ACT News: GM has accepted the challenge of striving for an all-electric future, and early this year unveiled its new modular EV propulsion and battery system, Ultium. Please tell us about GMs EV strategy, and the infrastructure the company is working on.

Steve Carlisle: I would say that we are challenging ourselves to reach this vision, rather than reacting to some external “challenge.” I can honestly say that there are few people at GM who aren’t touched by this vision in some way.

The Ultium platform modularity and flexibility will help enable a complete lineup of dedicated EVs, where the vehicle and the Ultium system will be engineered simultaneously, rather than trying to retrofit an existing vehicle platform.

“The Ultium platform modularity and flexibility will help enable a complete lineup of dedicated EVs.”

GM is investing $2.3 billion in a joint venture with LG Chem called Ultium Cells LLC, to manufacture battery cells in Lordstown, Ohio. By sourcing battery cells internally, and locally, we can better protect ourselves from future battery and material supply constraints.

GM is also investing $2.2 billion at our Detroit-Hamtramck assembly plant to produce all-electric vehicles. This plant will be dedicated entirely to producing electric vehicles and its first product, the GMC HUMMER EV, an all-electric pickup, is scheduled to begin initial production next year.

Challenging ourselves also means building an ecosystem around our customers, whether it is leveraging connectivity, improving their day-to-day life, or supporting access to charging when and where they need it. We will leverage GM’s breadth and tools to surround our customers with a great experience.

ACT News: How critical are funding and incentive programs to building the infrastructure to support wide scale deployment of electric vehicles? Can public funding help drive private investment?

Steve Carlisle: There is no question that the best and fastest way to build an electric charging infrastructure is through a combination of both public and private initiatives and investments. GM’s vision is to build a charging ecosystem that is seamless for our customers across home, public, workplace and fleets.

“The best and fastest way to build an electric charging infrastructure is through a combination of both public and private initiatives and investments.”

In March, GM announced a commitment to add 3,500 chargers for our employees at our U.S. and Canadian facilities. GM also recently announced that we will work with charge point operator EVgo to add over 2,700 fast charging plugs nationwide over the next five years. When complete, the EVgo network will be three times larger than it is currently.

ACT News: What advice would you give to recent new hires at GM?

Steve Carlisle: The first thing I would say to new hires at GM is, “Congratulations, you are now part of one of the most innovative and well-managed companies in the world!” I’ve been at GM for nearly four decades, and I can honestly say that there has never been a more exciting time to be at GM than right now! The future for these smart and energetic young men and women is very bright!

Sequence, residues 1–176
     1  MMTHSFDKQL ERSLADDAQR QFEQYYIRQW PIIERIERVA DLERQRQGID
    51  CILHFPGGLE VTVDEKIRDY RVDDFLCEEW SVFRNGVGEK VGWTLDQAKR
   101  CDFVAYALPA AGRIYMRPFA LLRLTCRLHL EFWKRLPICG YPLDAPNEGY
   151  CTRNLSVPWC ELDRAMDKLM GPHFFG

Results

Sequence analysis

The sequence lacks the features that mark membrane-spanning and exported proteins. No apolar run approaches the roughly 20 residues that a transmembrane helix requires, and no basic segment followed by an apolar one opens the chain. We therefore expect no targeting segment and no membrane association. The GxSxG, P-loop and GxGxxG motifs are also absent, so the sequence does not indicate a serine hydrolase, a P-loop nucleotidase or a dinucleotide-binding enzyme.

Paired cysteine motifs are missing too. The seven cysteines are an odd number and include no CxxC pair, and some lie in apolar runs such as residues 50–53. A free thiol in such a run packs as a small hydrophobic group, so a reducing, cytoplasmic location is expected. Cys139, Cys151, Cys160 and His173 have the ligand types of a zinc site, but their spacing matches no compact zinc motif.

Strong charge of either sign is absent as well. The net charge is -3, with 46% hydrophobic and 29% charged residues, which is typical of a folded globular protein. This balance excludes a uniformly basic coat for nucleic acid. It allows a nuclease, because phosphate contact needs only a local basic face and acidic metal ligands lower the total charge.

Just think of our products, including the many future electric vehicles we’ll soon be introducing, like the GMC HUMMER EV and Cadillac LYRIQ. GM currently has a great portfolio of cars, crossovers, SUVs, trucks, and commercial vehicles. GM is now a company with a very clearly defined mission and one that puts the customer at the center of everything we do!

As for advice, I would say, “Stay focused, stay engaged, be a team player, and always do more than what is expected of you.” I believe that if young people at any organization can do those things, they will succeed. One more thing. I would tell them to buckle up, because they are in for one heck of a thrill ride!

ACT News: How do you define “success?”

Steve Carlisle: At the corporate level, success means designing, engineering and building products that people want to buy, own and buy again. It’s imperative that the world becomes a safe, better place as a result of these efforts. I’m a sales guy, so success means exceeding our sales and profit commitments, and doing it in a way that provides an exceptional customer experience. And, of course, success means delivering value to our various stakeholders.

“Success means seeing others succeed around you. They will be your lasting legacy.”

At the personal level, success means doing your job so well that it brings you, and others, satisfaction. Success means doing your job with enthusiasm, which can be contagious, and treating people with respect along the way. Finally, success means seeing others succeed around you. They will be your lasting legacy. That applies to everyone in the company, from top to bottom, regardless of your level or responsibilities. Do those things and success will find you.

There’s a great quote about success from the 19-century writer and poet Henry David Thoreau. He said, “Success usually comes to those who are too busy to be looking for it.” How true.

ACT News: What is the most interesting thing about you that we would not learn from your resume alone?

Steve Carlisle: I’m Canadian, so I suppose it shouldn’t come as a surprise to anyone that I enjoy the game of hockey. But it might come as a surprise that even at the age of 58, I still like to lace up my skates and play whenever I can. Did I ever dream of playing professional hockey? I won’t say, but I think joining General Motors was the wiser career choice!